5 Toys You Had as a Kid That Are Worth Tons of Cash Now

Comstock Images/Comstock/Getty Images
Mom and Dad never anticipated, in 1978, that one day the Sith might help send their grandkids to college. But, if you once had even one of the toys on this list—and you played with it very gently (or not at all)—selling it to the perfect, passionate collector today could mean big bucks. Toys from the '70s, '80s and even the '90s, especially those linked to favorite television shows and movie characters, may be hot commodities among collectors on the second-hand market.

5 1972 Blythe Doll

Image credit ekduncan.com
Blythe was "the doll with a surprise in her eyes." Blythe's eyes freakishly changed color when you pulled the string at the base of her neck. Spooky, yet satisfying, the Blythe doll stood almost a foot tall and sported funk-a-delic mod clothing with boots. She came in a variety of hair colors—blond, brunette and redhead—and in 1972, she sold for around $6. Today, a single disembodied Blythe leg can fetch upward of $100. If you have the whole original doll in good condition, don't blink—you're probably looking at a chance to score about $2,000.

4 1970s Stretch Armstrong

Image credit comicrelated.com
If you were an 8-year-old boy boy in 1976, you probably either had, wished for or played with a Stretch Armstrong figure. Made of latex rubber and filled with sugary corn syrup, of all things, the original Stretch Armstrong was manufactured by Kenner from 1976 to 1979. Stretch was aptly named, as his whole appeal rested on the fact that kids could stretch him to impossible limits and he would always return to his original shape. Today, collectors happily pay thousands of dollars for this simple, bendable toy. Mint in the box, with the paper instructions and accessories, Stretch Armstrong can net you around $2,500. Sweet!

3 Peanut the Royal Blue Beanie Baby

Image credit spydersden.wordpress.com
Ty, Inc. issued Peanut, the royal blue elephant, on June 3, 1995. The Beanie Baby remained in production for another three years, but the royal blue version was produced only through October of that year, making it a rare and ultra-collectible plush toy. Ty's Beanie Babies were conceived in an effort to produce an affordable toy that children could purchase using their own allowance. Because they originally sold for about $5, many children in the mid- to late 1990s owned a version of Peanut the elephant. Those fortunate enough to still have one of the first 2,000 ever produced in the royal blue color could be sitting on $1,500 to $5,000—and that's not peanuts.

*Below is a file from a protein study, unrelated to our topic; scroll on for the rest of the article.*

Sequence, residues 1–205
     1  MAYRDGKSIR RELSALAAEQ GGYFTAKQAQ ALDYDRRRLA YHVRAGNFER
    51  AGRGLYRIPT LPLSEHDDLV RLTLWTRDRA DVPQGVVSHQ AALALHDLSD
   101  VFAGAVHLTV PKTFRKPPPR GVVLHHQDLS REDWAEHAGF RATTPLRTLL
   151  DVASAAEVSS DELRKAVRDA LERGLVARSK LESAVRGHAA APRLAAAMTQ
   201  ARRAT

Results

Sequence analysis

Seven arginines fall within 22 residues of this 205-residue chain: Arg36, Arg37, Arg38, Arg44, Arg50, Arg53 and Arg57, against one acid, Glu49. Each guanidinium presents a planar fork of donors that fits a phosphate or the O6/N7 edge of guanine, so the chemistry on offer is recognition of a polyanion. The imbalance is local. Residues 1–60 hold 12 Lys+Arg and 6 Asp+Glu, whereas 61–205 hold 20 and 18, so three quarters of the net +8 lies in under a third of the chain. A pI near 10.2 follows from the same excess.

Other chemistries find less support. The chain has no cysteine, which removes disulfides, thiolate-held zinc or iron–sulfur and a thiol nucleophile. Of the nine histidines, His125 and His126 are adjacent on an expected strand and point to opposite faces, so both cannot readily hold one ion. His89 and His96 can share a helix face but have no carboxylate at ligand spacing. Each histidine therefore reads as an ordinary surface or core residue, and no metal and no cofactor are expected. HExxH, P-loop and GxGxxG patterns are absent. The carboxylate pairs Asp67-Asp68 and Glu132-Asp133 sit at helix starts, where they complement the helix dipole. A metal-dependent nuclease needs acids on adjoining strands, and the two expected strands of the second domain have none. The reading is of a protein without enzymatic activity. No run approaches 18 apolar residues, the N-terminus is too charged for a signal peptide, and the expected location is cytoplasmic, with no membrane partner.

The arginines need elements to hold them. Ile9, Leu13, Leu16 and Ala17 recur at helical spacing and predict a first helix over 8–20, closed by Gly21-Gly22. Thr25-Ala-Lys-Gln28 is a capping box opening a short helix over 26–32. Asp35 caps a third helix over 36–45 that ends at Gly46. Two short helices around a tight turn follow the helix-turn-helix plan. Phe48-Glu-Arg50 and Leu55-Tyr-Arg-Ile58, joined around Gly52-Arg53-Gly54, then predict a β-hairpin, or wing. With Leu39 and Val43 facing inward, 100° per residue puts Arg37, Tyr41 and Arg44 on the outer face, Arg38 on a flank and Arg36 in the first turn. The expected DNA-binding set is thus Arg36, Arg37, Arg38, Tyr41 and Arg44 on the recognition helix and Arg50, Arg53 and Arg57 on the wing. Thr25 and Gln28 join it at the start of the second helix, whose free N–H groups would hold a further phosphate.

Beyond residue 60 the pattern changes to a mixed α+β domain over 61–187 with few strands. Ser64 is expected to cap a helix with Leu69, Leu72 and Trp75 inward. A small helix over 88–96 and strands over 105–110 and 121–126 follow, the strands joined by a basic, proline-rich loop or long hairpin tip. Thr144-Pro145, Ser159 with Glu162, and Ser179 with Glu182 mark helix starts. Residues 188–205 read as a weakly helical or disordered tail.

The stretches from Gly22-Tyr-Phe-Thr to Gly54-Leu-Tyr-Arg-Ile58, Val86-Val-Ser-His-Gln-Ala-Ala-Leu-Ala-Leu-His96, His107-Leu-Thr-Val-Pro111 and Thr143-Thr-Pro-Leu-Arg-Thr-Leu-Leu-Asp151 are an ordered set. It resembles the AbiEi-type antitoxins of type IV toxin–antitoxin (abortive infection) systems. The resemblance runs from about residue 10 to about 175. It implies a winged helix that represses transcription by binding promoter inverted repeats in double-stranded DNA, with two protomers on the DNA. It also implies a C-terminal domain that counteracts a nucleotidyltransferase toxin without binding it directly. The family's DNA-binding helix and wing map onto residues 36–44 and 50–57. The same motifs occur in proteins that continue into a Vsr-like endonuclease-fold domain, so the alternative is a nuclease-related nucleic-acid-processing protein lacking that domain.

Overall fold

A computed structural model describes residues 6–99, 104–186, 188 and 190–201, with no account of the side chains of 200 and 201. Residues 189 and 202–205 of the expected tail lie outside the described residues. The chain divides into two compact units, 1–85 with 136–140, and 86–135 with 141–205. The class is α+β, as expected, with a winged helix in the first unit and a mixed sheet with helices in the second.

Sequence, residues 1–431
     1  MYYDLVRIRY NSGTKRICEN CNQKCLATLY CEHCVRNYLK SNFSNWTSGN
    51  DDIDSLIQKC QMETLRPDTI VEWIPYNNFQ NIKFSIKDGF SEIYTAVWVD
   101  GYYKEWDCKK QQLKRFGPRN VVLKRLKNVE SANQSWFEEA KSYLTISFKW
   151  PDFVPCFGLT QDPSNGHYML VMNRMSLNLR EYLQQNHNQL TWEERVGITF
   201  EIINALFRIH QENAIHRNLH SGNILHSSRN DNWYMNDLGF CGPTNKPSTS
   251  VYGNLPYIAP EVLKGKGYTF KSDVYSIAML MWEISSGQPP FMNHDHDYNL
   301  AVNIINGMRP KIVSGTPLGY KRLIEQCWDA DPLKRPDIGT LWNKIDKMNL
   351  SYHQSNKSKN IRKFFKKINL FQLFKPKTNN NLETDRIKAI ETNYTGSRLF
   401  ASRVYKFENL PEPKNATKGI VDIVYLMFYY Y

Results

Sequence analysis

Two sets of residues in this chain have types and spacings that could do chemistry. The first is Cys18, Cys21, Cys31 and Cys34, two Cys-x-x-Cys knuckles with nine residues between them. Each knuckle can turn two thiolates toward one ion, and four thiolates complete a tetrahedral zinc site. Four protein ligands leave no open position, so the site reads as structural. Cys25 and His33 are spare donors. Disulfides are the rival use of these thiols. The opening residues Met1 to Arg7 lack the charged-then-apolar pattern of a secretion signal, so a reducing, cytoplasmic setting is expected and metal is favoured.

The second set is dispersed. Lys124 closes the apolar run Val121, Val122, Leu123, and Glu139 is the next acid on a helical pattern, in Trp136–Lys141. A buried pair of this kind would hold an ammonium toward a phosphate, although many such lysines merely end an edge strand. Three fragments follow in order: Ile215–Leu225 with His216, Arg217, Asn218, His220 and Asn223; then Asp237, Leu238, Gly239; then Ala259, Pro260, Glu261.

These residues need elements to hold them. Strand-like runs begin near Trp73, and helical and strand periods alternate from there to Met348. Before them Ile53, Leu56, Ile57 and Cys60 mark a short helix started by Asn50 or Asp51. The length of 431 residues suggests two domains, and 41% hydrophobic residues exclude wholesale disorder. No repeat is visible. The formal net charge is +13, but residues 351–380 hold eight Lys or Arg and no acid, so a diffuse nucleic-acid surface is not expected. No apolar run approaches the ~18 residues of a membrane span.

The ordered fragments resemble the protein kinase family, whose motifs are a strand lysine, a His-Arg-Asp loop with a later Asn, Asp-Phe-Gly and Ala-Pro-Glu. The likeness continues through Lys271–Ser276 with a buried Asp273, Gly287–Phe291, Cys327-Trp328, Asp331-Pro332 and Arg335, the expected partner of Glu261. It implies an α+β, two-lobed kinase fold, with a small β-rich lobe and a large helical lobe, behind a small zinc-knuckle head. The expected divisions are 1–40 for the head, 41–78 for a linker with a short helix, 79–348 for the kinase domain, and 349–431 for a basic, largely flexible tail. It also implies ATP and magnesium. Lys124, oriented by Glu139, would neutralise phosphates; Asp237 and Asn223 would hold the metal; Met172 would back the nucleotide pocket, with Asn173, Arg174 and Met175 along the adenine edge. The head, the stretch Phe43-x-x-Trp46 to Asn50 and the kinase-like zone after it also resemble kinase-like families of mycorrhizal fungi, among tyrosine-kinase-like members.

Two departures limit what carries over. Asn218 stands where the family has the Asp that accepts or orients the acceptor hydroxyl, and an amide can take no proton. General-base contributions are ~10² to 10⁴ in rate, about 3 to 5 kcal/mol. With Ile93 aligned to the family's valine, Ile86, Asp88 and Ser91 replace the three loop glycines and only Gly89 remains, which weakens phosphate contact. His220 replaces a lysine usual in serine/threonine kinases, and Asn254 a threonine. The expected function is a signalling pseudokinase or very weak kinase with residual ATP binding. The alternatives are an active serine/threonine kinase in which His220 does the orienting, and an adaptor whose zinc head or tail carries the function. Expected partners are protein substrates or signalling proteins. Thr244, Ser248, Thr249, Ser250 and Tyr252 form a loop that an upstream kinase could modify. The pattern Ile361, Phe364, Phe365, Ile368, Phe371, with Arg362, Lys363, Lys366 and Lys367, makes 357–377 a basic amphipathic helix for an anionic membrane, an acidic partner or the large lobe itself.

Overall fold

2 Double-Telescoping Darth Vader

Image credit theswca.com
If Dad held onto the early "Star Wars" toys, it's possible he might have a double-telescoping version of Darth Vader packed away in grandma's attic. The most valuable figure in a series that featured Vader, Luke and Obi-Wan, this version of the Dark Sith Lord featured a light saber that extended from his hollow arm, then extended again in a thinner, more-fragile tip. The dual-extending weapon was costly to manufacture, and Kenner quickly changed the design in the next wave of figures. Because it's estimated that only three of the figures remain—still packaged and unaccounted for—each is valued between $2,000 and $7,000, depending on the condition and whether or not it's in the original packaging. Not bad for a $2.49 investment. Take that, Rebel Alliance.

1 Magic: The Gathering — Black Lotus Card

Image credit starcitygames.com
The 1993 collectible card game, Magic: The Gathering was the first of its kind to spawn a professional player circuit. Introduced by Wizards of the Coast, MTG still boasts a following that numbers in the millions. Particularly collectible among Magic cards was the powerful Black Lotus. Whether an Alpha Black Lotus or a Beta Black Lotus, an authenticated card of this variety in mint condition today can help you collect upwards of $15,000.